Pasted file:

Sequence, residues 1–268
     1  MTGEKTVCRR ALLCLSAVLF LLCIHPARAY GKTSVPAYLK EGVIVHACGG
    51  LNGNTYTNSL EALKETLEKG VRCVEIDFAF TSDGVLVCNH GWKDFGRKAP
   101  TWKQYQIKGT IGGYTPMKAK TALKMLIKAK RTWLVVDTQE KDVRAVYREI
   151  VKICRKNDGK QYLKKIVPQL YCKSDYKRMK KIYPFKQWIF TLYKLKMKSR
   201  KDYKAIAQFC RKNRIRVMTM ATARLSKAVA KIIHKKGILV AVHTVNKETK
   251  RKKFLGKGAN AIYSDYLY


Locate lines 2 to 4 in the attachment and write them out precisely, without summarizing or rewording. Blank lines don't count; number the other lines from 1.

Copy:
     1  MTGEKTVCRR ALLCLSAVLF LLCIHPARAY GKTSVPAYLK EGVIVHACGG
    51  LNGNTYTNSL EALKETLEKG VRCVEIDFAF TSDGVLVCNH GWKDFGRKAP
   101  TWKQYQIKGT IGGYTPMKAK TALKMLIKAK RTWLVVDTQE KDVRAVYREI